Make the Connection

I got a big lesson in connectedness today. Part of my own faith is that we’re all connected and we impact each other in ways we may never know. Kinda like the butterfly flapping his wings that makes the elephant sneeze.

I was having a conversation with a friend who is very committed to his Christian faith. He shared with me how people’s comments on facebook really hurt his feelings. Although I’m not one for subtleties, I knew I was included in the “people” he was referring to. I apologized and we had a really great conversation about all that has happened in the world of oppression this week.

Here’s what I learned. People have done so much damage to each other throughout this election process. The proponents of Amendment 1 double stripped away the rights of the LGBT and unwed heterosexual communities. The proponents of the LGBT community lashed out in anger, disappointment, sadness, hopelessness. I know, I was there. You know, you’ve seen my facebook. In the end, everyone is left with a lot of hurt feelings. I don’t know anyone who is walking away from this election feeling good. Maybe oblivious, but not good.

How easy it is to forget our connectedness. How easy it is to forget that I can do nothing without affecting someone else. How easy it is to forget to be mindful of my effect on other people when I just want to make myself feel better. How easy is it to forget the consequences of my actions (or votes) when I am just trying to be true to my beliefs (religion or social justice).

We have to take care of each other. It is just another reason why we have to continue the fight against oppression.

When have you seen connectedness demonstrated in your life?

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2 Responses to Make the Connection

  1. maddyfacepants says:

    I am 1) loving the blog and 2) responding to your question. I have been outcast from friends from both sides of this argument for being silent. Friends on the conservative side believe I am not conservative enough and friends on the progressive side think I am not progressive enough. The reality is, we all have our opinions and our beliefs. They are influenced by a number of things, but our core values are just that, ours. And it’s wrong to to say that because someone’s values are not congruent with yours that they are a bad person. Obviously, that’s not true because people like you and I are good friends! But there’s a moment when our understanding of where oppression and where someone’s opinions comes from where we forget that we all start in essentially the same place. Not just that, we’re all human. And humans sometimes get it wrong. But we are all connected by that ultimate overarching thing – we’re all the same at the very beginning. Human. We should all be tolerant and accepting of others for a large number of reasons but our love for HUMANITY is where it should start. And that is a pretty Christian idea, too, btw. I’ve just gotten hurt so many times from people assuming I believe one thing or another because of my faith, my party, my sex, or my occupation. It’s SO frustrating to “lose” friends (on facebook or in real life) because of something they don’t even KNOW to be true. And even if they do know what my personal and private opinion is, they should just be glad that I even shared it with them. Not ridicule me for having it. I think ultimately, though, the idea of oppression and connectedness is completely forgotten by a large majority of those on the right. I should know. It’s hard, even in my own home sometimes, to explain and to remember that their scope of the subject is very limited. The worst part of this vote, is that issues like LGBT rights never came into the spotlight. Did you see one commercial about LGBT equality? I didn’t. I saw commercials based on fear from both sides. I wish that the true issue headlined and not domestic violence or children’s healthcare. These things are important, too, but the major problem in this state is that LGBT issues have never headlined to this level. If they did, maybe the vote would have been different. When you look at the numbers, it probably wouldn’t have been TOO different, but we would have at least had a true and open discussion about the crux of the issue.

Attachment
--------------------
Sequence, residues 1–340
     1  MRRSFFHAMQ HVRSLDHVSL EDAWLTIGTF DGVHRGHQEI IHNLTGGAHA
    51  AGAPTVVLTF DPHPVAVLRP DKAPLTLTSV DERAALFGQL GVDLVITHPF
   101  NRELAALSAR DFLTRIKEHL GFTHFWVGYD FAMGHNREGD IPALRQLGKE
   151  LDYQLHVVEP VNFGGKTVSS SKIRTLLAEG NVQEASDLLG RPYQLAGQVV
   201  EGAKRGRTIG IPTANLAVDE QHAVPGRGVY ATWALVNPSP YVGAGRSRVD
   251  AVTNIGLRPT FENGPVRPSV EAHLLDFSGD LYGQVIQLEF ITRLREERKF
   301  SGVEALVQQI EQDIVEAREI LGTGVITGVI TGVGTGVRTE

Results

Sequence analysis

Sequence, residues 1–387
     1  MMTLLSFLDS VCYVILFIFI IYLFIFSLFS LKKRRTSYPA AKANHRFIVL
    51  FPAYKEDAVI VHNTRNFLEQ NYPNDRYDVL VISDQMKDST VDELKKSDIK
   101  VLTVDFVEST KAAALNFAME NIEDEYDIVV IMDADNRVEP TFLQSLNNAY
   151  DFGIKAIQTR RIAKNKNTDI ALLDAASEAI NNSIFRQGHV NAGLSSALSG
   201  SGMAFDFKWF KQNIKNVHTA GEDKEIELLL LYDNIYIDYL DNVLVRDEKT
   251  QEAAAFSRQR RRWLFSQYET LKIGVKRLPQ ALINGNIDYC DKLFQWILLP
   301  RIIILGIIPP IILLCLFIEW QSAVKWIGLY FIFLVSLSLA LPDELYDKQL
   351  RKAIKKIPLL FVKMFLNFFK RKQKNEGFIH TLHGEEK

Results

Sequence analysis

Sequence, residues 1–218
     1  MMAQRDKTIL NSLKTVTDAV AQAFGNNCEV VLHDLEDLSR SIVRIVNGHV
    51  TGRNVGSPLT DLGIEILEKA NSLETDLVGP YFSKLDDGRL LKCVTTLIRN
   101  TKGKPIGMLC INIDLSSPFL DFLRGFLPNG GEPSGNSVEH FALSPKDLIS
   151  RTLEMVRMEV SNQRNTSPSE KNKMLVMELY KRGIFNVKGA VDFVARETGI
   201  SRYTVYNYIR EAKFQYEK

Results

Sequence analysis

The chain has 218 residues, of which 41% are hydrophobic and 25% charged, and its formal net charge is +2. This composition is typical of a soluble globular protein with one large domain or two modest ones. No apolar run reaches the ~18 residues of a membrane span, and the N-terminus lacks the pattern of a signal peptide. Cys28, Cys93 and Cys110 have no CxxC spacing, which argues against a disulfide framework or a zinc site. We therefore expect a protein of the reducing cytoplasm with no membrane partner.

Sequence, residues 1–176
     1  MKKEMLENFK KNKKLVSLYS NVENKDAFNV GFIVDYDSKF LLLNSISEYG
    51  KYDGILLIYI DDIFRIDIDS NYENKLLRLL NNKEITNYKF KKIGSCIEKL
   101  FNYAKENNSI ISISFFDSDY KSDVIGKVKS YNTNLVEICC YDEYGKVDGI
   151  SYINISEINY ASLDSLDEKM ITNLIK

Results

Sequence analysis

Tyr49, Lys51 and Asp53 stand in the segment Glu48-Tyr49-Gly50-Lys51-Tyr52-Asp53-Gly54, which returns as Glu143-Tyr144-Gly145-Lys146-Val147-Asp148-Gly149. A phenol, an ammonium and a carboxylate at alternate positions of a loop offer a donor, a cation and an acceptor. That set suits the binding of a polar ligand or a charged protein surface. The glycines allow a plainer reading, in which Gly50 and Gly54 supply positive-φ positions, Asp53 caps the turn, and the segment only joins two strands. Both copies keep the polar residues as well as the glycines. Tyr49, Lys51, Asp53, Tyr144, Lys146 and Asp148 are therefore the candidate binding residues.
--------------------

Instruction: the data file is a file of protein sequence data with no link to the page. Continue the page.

I did way more than answer your question, but I haven’t said enough about this and felt like I needed to. By the way, government shouldn’t have anything to do with ANYONE’S marriage, anyways!!

  2. sharilea17 says:

    Yay! The first comment engaging in conversation. Thank you!

    I started to write you a message on Facebook about the position you are in and how difficult it must be. You have two backgrounds where you’ve met people from complete opposite ends of the spectrum: student affairs and republican politics. You can’t win. And to be honest I made assumptions about what you had to do for your current job and relationship. I’m sorry about that. I think you can make a huge impact on oppression in your current position. It’ll be hard to figure out what risks to take, but we get nowhere without taking risks. People can benefit from your perspective and I hope you find more places to have your voice be heard. Your comments here were great. Stop the silence! You have too much good stuff to share. Thanks for sharing here and come back often!

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